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Illustration: Sarah Grillo/Axios

A chunk of stimulus payments is missing in action, thanks to a mix up that put as many as 13 million checks into invalid bank accounts.

Why it matters: The IRS (by law) was supposed to get all payments out by Friday. Now the onus could shift to Americans to claim the money on their tax refund — further delaying relief to struggling, lower-income Americans.

What's going on: The newest COVID-19 relief bill — signed in the final days of 2020 — mandated the $600 payment to those making up to $75,000 per year (or twice as much for joint filers making up to $150,000) get out by Jan. 15.

  • The fast turnaround meant “some payments may have been sent to an account that may be closed or, is or no longer active, or unfamiliar,” according to the IRS website.

To get a sense of the speed: It took 19 days to distribute half the first-round payments last spring, but two-thirds of payments were out the door just a week after the latest bill became law, according to an analysis by the Committee for a Responsible Federal Budget.

  • Billions of those dollars are in the process of being returned to the IRS by tax preparers because of the error, though the IRS would not say how many payments were incorrectly deposited.
  • Jackson Hewitt estimates funds were deposited in 13 million accounts that were no longer open.

How it works: These accounts are typically set up by tax prep companies, most often used by financially constrained taxpayers to get their refunds faster.

  • Some tax preparers told CNBC that the money would be deposited starting Feb. 1.

What’s next: It’s up to those whose payments haven’t been disbursed by today to claim what’s owed on their tax return.

  • You can wait until the money shows up, or you’re going to file your return and claim your money there,” Janet Holtzblatt, a senior fellow at the Tax Policy Center and former official at the Treasury Department’s Office of Tax Analysis, tells Axios.
  • “There’s going to be confusion” about which option to pick.

Of note: Any refunds that also claim the earned-income tax credit — which offsets tax bills for lower income workers — can’t be issued before mid-February, prolonging the delay as the Washington Post points out.

What to watch: The incoming Biden administration wants to issue another round of direct payments. Depending on the timing, the IRS could be juggling those checks at the height of tax season.

  • “I can never say with IRS that things are impossible, but it's going to be a challenge to get those payments out during filing season,” Holtzblatt says.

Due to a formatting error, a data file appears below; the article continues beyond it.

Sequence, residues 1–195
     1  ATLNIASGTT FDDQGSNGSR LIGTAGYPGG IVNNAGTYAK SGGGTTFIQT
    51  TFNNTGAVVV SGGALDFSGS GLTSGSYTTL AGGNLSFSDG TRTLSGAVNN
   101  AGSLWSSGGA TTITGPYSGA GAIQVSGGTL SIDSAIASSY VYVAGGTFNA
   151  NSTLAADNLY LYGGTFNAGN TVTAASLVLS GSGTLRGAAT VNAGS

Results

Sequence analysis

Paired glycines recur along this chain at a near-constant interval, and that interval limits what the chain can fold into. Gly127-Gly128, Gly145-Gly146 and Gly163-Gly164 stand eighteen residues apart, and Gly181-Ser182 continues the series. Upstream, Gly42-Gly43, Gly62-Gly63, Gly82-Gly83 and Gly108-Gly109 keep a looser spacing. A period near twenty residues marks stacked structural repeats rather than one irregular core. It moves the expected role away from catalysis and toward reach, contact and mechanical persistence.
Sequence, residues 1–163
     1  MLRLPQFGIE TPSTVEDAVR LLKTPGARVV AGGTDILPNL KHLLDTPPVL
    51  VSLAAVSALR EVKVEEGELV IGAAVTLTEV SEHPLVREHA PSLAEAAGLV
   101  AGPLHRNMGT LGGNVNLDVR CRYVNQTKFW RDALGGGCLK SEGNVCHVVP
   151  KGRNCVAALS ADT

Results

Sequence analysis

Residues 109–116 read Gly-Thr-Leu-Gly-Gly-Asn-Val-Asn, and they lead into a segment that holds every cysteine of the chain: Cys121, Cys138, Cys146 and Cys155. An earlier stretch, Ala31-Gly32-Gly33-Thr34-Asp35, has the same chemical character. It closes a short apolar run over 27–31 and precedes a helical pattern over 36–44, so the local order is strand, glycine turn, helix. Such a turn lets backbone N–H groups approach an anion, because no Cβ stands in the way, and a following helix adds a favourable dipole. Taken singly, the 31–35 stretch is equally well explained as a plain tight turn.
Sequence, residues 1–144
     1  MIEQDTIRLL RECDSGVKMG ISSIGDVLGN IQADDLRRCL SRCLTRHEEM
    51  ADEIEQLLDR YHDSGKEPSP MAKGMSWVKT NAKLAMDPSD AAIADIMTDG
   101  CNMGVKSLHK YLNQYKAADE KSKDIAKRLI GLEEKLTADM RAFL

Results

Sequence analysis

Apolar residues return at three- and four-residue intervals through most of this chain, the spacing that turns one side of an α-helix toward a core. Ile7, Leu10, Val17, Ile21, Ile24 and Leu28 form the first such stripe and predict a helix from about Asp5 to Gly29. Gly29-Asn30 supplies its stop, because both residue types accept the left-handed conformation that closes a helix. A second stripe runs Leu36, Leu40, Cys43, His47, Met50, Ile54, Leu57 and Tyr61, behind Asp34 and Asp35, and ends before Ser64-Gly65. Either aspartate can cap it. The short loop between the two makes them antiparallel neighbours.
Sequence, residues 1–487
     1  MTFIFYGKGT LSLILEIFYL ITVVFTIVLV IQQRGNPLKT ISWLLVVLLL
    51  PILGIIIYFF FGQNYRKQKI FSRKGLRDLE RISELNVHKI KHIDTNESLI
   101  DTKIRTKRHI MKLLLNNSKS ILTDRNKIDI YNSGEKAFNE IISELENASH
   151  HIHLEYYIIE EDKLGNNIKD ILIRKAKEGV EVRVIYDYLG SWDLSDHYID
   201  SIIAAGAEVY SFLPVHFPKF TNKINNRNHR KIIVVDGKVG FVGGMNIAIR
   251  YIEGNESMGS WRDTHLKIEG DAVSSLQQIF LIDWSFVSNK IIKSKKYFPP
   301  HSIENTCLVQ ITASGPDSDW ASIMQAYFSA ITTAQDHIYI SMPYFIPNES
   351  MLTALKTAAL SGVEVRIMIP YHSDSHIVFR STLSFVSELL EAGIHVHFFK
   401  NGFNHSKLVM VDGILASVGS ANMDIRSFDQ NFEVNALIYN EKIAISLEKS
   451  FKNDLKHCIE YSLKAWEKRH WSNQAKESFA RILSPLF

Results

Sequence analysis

You can check the status of your stimulus payment — and whether you can expect it by paper check, debit card or direct deposit — here.

Go deeper

Updated Jan 22, 2021 - Politics & Policy

Biden to attempt "emergency economic relief" by executive order

President Biden. Photo: Mark Wilson/Getty Images

President Biden will continue his executive action blitz on Friday, issuing two more orders in an attempt to provide immediate relief to struggling families without waiting for Congress.

Why it matters: In his second full day in office, Biden is again resorting to executive actions as he tries to increase payments for nutritional assistance and protect workers' rights during the pandemic.

Lawmakers call for Israel-Hamas ceasefire amid aerial bombardments

Combination images of Republican Sen. Todd Young and Democratic Sen. Chris Murphy. Photo: Michael Reynolds-Pool/Getty Images/Greg Nash-Pool/Getty Images

Sen. Todd Young (R-Ind.) and 28 Senate Democrats on Sunday called for a ceasefire between Israel and Hamas as fighting continued into the night.

Driving the news: Young, a ranking member of the U.S. Senate Foreign Relations Subcommittee on Near East, South Asia, Central Asia and Counterterrorism, joined panel Chair Chris Murphy (D-Conn.) in a bipartisan statement saying: "Israel has the right to defend itself from Hamas' rocket attacks, in a manner proportionate with the threat its citizens are facing.

Bill Gates faces scrutiny over relationship with Microsoft employee, Epstein ties

Photo: Alessandro Di Ciommo/NurPhoto via Getty Images

Representatives for Bill Gates pushed back on claims Sunday that he left Microsoft's board because of an earlier sexual relationship and against two other reports detailing more extensive ties with Jeffrey Epstein than had previously been reported.

Driving the news: Microsoft said in an emailed statement to Axios that it "received a concern" in 2019 that its co-founder "sought to initiate an intimate relationship with a company employee in the year 2000," but denied a Wall Street Journal report that its board members thought Gates should resign over the matter.